The lingering issue of serious coronavirus-related health concerns, which threatens the impending college football season, continues to rear its ugly head as another athlete has been diagnosed with a heart condition.

Georgia State quarterback Mikele Colasurdo announced Thursday that he won’t play football in 2020 because of a heart condition that resulted from his coronavirus infection. The freshman arrived on campus in the spring.

Colasurdo plays in one of the six FBS conferences that will compete in the fall football season. The MAC, Mountain West, Big Ten and Pac-12 have all decided against playing football, in part because of the heart complications that come from contracting the coronavirus.

Myocarditis, an inflammation of the heart, has been an issue in discussions about whether to play football in 2020. At least 10 Big Ten athletes had been diagnosed with the condition when the conference postponed all fall sports, The Athletic reported. The Big 12 has been concerned with what it might mean for the upcoming football season.

“We discuss it on every call,” one team doctor from a Power Five conference told Sports Illustrated.

The Big 12, ACC and SEC expect to start playing games next month. Notre Dame, a football independent that’s set to play an ACC schedule this year, canceled practice Thursday in light of five football players testing positive for the coronavirus.

Appalachian State, part of the Sun Belt, has paused football practice indefinitely because of nearly 20 coronavirus cases connected to the program.

The college football season starts Sept. 3 when The Sun Belt’s South Alabama takes on Southern Mississippi of Conference USA. That, however, is subject to change if the conference decision-makers deem it unsafe to play.

“The Sun Belt Conference will continue to monitor health trends across our communities,” the league said in a statement earlier this month. “Sun Belt Presidents and Chancellors, Athletics Directors, the COVID-19 Advisory Panel, and medical advisors will continue to review data to ensure a safe return to activities and competition. Our data review will cross seven states and 12 counties and include, among other things, infection rates, hospitalization rates, local health directives, advancements in COVID-19 testing and campus, department and team health trends.”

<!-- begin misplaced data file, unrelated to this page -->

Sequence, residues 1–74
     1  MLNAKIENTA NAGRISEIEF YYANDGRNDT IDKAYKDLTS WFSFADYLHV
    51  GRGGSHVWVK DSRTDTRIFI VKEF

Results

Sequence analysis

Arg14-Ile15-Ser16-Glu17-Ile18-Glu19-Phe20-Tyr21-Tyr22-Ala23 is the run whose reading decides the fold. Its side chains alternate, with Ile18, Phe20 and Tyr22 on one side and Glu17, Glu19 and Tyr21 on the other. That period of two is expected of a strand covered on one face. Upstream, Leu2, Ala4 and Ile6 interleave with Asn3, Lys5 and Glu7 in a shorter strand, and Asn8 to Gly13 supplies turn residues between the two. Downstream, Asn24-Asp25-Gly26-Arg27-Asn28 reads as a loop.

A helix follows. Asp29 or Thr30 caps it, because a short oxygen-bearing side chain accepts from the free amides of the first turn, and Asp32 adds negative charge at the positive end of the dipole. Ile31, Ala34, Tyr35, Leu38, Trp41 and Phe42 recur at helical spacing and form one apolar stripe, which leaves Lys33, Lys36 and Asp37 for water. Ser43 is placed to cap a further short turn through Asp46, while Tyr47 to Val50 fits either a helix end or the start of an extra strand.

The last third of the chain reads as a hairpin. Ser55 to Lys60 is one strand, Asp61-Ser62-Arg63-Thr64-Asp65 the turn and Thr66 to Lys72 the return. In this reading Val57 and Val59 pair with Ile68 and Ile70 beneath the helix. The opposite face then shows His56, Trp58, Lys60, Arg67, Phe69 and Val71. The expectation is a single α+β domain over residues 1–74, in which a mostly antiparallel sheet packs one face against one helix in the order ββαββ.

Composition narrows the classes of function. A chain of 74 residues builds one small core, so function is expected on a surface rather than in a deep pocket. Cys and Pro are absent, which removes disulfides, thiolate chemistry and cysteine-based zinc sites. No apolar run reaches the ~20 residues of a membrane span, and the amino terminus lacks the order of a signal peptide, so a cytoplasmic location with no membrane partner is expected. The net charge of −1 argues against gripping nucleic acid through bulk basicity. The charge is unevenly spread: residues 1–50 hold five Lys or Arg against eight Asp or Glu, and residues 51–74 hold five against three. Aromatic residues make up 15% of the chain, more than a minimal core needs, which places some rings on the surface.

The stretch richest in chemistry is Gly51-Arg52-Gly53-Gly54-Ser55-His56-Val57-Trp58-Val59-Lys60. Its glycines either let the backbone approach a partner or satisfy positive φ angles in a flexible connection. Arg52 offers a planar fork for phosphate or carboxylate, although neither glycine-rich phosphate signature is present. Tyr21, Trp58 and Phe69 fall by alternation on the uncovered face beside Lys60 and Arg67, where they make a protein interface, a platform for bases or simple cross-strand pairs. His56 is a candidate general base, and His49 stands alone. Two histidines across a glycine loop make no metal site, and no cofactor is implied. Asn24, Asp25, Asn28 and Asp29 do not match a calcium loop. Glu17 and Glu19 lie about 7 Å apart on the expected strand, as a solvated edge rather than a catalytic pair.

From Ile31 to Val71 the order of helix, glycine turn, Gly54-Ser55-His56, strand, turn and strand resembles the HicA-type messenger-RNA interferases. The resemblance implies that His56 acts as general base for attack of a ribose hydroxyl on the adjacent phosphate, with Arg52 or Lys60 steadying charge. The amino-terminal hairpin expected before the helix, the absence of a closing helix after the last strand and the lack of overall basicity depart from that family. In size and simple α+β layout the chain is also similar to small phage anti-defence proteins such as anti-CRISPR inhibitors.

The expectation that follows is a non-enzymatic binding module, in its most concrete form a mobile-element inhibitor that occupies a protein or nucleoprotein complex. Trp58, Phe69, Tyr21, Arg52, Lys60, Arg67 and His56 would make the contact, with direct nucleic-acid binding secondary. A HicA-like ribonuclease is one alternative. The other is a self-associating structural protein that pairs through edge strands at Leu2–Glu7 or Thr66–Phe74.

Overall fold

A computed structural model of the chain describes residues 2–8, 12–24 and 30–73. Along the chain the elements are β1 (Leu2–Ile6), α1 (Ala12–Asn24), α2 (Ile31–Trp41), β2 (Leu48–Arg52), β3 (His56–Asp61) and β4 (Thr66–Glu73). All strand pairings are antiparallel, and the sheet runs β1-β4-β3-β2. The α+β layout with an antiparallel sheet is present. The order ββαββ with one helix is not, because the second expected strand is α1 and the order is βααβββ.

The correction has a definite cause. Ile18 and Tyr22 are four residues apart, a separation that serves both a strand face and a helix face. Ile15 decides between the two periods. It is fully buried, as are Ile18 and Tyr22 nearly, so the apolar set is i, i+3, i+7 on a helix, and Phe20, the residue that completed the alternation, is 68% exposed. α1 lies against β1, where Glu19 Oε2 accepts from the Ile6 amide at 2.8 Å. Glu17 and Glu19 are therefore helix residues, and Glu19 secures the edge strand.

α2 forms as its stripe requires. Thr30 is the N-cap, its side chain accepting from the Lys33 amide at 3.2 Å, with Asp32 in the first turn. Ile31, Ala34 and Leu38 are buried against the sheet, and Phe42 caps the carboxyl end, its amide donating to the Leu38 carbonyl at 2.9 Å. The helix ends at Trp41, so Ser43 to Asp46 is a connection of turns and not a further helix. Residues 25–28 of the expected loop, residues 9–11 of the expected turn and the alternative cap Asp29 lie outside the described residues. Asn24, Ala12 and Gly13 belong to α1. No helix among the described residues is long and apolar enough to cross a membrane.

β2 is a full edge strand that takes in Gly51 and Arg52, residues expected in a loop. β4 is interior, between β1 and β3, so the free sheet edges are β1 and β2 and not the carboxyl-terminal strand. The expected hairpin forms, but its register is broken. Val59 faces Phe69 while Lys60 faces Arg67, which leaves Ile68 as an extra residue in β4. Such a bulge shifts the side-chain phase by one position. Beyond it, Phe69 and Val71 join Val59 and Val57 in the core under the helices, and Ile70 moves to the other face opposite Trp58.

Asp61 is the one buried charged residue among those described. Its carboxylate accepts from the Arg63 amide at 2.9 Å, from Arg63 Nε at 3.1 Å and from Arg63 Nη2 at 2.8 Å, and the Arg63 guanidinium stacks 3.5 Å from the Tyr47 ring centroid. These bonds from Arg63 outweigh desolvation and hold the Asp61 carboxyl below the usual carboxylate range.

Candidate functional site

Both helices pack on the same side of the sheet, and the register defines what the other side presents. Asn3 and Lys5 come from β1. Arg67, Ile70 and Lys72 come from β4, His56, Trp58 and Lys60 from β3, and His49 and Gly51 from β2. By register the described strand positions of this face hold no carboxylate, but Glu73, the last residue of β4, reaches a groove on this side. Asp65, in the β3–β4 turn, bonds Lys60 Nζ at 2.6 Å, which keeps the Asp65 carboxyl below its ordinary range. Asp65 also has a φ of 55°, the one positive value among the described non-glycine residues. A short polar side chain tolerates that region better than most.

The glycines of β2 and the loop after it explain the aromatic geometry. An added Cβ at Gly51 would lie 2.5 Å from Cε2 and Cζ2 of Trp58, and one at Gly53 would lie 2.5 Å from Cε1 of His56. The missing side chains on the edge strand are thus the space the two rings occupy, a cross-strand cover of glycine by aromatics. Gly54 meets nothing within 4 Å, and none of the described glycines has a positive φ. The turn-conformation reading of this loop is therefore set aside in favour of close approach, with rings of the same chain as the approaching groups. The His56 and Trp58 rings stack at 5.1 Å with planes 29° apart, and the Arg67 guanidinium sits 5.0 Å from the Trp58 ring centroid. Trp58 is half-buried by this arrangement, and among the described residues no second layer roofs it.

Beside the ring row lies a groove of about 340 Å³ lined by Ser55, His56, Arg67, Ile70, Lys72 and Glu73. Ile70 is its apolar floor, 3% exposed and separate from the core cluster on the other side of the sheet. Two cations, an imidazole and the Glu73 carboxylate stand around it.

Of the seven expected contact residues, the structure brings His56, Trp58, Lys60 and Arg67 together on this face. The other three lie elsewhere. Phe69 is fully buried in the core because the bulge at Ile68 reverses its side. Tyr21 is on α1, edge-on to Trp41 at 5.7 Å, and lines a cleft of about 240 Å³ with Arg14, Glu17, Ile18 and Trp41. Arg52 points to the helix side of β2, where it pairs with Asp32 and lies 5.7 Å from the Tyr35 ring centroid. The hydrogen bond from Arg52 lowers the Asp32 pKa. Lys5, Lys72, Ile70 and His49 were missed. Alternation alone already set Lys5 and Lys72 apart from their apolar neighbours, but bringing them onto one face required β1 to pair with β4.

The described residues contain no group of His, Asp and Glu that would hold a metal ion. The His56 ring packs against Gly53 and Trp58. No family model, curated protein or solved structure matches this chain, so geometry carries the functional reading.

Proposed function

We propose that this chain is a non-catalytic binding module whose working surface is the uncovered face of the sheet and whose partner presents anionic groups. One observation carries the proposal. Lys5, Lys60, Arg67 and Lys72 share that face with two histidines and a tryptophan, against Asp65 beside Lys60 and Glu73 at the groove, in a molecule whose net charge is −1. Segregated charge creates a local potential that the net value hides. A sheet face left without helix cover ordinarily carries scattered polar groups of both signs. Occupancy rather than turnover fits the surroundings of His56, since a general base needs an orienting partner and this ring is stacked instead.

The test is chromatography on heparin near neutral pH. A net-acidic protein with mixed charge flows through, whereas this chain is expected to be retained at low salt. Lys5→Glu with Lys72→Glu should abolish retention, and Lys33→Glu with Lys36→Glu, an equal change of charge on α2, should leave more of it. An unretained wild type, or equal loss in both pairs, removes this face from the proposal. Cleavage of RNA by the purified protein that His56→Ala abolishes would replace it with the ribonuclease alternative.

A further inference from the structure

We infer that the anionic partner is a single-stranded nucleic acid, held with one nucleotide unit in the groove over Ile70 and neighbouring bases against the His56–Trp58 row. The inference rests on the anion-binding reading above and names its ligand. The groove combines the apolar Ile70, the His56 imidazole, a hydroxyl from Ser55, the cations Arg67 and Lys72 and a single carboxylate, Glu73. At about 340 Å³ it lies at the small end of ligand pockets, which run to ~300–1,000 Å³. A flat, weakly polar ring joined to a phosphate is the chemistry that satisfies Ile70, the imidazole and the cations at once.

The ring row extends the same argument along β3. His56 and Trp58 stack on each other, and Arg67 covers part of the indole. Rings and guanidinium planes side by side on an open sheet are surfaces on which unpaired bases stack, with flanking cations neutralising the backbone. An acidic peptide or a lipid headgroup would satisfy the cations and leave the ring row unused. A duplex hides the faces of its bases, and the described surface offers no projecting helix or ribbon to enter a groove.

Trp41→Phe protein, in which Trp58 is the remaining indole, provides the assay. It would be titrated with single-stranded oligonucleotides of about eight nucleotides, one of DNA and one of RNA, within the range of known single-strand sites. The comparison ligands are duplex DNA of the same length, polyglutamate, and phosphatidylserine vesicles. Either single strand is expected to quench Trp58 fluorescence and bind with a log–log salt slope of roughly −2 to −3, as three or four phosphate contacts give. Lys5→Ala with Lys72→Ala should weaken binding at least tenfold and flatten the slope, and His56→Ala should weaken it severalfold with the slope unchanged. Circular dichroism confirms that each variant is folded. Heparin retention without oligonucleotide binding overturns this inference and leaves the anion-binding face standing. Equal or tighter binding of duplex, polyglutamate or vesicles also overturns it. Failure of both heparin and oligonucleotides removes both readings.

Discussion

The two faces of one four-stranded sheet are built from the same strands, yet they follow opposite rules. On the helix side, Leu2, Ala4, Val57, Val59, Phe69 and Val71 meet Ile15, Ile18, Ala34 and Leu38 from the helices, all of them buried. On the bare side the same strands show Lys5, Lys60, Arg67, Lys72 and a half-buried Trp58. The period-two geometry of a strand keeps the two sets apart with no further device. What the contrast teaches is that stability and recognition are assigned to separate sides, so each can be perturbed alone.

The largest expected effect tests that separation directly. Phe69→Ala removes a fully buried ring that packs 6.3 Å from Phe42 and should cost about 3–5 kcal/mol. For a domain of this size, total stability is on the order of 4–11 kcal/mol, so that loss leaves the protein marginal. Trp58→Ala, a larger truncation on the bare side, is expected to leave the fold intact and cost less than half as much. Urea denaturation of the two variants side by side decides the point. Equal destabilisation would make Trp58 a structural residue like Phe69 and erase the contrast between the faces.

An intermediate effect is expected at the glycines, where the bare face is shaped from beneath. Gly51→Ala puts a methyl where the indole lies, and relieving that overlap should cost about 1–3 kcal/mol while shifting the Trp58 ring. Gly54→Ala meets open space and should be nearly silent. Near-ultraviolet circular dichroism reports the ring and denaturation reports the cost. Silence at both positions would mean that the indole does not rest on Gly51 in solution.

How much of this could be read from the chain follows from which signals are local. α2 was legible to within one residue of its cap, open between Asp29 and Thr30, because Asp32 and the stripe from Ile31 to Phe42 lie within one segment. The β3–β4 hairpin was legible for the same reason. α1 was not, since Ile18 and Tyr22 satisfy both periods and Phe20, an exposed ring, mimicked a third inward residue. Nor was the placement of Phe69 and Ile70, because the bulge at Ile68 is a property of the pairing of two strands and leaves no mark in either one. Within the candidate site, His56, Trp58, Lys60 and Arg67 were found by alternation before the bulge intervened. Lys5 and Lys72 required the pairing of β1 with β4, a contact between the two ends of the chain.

Conferences have put protocols in place in an attempt to keep players as safe as possible. The Big 12, for example, will test football players for the coronavirus three times a week. Following positive tests, athletes will undergo an EKG, troponin blood test, echocardiogram, and a cardiac MRI.

It appears inevitable that some players will test positive for the coronavirus in the coming weeks and months. College football won’t be played inside an official bubble, which the NBA and WNBA have instituted, resulting in negative tests across the board.

The mother of Indiana offensive lineman Brady Feeney wrote a Facebook post about her son’s heart issues after contracting the coronavirus. Major League Baseball pitcher Eduardo Rodriguez, who is 27 years old, will miss the whole season with myocarditis.

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The Georgia State Panthers face the Tennessee Volunteers during the second quarter of the season opener at Neyland Stadium on August 31, 2019 in Knoxville, Tennessee. Silas Walker/Getty Images